Estimated need for surgery worldwide based on prevalence of diseases : a modelling strategy for the WHO global health estimate
Weiser, Thomas G
Gruen, Russell L
Bickler, Stephen W
Date of Issue2015
Lee Kong Chian School of Medicine
Background: Surgery is a foundational component of health-care systems. However, previous efforts to integrate surgical services into global health initiatives do not reflect the scope of surgical need and many health systems do not provide essential interventions. We estimate the minimum global volume of surgical need to address prevalent diseases in 21 epidemiological regions from the Global Burden of Disease Study 2010 (GBD). Methods: Prevalence data were obtained from GBD 2010 and organised into 119 disease states according to the WHO's Global Health Estimate (GHE). These data, representing 187 countries, were then apportioned into the 21 GBD epidemiological regions. Using previously defined values for the incident need for surgery for each of the 119 GHE disease states, we calculate minimum global need for surgery based on the prevalence of each condition in each region. Findings: We estimate that at least 321·5 million surgical procedures would be needed to address the burden of disease for a global population of 6·9 billion in 2010. Minimum rates of surgical need vary across regions, ranging from 3383 operations per 100 000 in central Latin America to 6495 operations per 100 000 in western sub-Saharan Africa. Global surgical need also varied across subcategories of disease, ranging from 131 412 procedures for nutritional deficiencies to 45·8 million procedures for unintentional injuries. Interpretation: The estimated need for surgical procedures worldwide is large and addresses a broad spectrum of disease states. Surgical need varies between regions of the world according to disease prevalence and many countries do not meet the basic needs of their populations. These estimates could be useful for policy makers, funders, and ministries of health as they consider how to incorporate surgical capacity into health systems.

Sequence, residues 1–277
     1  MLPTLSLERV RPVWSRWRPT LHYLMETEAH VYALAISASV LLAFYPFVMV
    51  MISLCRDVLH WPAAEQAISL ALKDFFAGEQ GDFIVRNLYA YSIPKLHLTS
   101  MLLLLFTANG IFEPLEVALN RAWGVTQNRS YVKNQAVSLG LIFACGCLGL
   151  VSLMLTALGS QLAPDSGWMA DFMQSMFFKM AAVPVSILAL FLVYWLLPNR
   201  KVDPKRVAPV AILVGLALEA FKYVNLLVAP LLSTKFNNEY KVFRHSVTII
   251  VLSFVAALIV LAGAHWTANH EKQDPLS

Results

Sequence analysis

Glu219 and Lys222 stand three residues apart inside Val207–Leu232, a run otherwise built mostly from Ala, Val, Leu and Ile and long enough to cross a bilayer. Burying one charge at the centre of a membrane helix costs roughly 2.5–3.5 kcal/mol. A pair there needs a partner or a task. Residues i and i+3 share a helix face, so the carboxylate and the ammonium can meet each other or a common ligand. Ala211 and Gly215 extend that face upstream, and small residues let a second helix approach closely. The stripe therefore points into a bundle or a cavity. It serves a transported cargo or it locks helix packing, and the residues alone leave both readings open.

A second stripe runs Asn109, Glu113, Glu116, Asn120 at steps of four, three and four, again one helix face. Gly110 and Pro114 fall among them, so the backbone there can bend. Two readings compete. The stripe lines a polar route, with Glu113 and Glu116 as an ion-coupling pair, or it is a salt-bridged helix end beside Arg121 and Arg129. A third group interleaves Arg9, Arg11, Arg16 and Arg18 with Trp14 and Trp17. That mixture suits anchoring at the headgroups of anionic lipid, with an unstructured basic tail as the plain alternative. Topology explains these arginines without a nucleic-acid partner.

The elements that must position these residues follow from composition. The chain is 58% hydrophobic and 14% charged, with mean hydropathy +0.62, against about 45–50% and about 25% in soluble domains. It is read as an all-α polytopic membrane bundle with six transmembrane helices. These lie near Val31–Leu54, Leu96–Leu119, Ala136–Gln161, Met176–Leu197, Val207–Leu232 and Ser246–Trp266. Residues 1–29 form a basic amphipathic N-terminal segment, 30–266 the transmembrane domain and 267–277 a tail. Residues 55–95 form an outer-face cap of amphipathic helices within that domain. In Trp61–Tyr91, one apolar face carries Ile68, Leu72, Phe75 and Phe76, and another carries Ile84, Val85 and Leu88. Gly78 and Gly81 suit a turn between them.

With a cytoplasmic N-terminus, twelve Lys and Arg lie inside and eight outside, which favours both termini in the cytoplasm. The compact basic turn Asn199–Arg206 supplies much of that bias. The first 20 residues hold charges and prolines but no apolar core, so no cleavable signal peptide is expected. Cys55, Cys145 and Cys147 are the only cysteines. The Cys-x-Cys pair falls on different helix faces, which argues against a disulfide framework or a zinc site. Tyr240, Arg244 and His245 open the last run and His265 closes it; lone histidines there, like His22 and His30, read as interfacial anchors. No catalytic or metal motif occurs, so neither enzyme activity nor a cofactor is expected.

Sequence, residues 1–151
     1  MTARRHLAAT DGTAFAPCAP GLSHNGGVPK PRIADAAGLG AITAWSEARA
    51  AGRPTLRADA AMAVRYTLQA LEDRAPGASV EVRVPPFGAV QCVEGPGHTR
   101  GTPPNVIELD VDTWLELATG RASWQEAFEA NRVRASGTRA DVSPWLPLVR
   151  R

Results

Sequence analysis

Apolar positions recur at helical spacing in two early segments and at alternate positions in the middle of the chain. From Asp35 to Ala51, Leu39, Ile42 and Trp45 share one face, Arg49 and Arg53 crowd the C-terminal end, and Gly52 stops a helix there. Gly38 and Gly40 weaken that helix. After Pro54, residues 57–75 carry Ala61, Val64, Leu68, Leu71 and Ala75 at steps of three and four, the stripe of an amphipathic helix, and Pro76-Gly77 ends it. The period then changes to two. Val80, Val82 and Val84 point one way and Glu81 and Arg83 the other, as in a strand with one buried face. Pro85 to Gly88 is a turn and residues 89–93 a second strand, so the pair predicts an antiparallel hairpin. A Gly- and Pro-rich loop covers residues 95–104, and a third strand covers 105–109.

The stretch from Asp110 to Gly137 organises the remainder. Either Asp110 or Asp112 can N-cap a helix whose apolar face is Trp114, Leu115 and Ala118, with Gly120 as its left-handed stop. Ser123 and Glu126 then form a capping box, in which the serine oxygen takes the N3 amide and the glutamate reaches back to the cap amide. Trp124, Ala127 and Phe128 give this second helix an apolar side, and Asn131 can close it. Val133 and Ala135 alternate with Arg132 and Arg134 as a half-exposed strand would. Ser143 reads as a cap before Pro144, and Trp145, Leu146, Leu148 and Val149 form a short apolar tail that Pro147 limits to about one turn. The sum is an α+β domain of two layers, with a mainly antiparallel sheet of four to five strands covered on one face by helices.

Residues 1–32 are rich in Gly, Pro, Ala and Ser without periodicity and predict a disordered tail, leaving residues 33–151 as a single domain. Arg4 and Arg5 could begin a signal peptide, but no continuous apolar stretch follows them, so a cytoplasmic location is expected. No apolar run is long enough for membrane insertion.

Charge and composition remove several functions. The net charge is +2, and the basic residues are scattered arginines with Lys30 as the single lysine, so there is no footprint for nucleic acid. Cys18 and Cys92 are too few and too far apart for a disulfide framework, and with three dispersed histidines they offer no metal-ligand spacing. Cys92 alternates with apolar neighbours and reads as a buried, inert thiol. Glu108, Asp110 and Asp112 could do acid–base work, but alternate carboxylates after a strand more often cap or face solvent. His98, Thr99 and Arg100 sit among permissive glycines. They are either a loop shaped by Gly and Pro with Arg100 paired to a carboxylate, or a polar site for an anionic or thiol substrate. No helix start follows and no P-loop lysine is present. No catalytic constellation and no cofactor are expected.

The Lancet global health
© 2015 Rose et al. Open access article published under the terms of CC BY-NC-ND.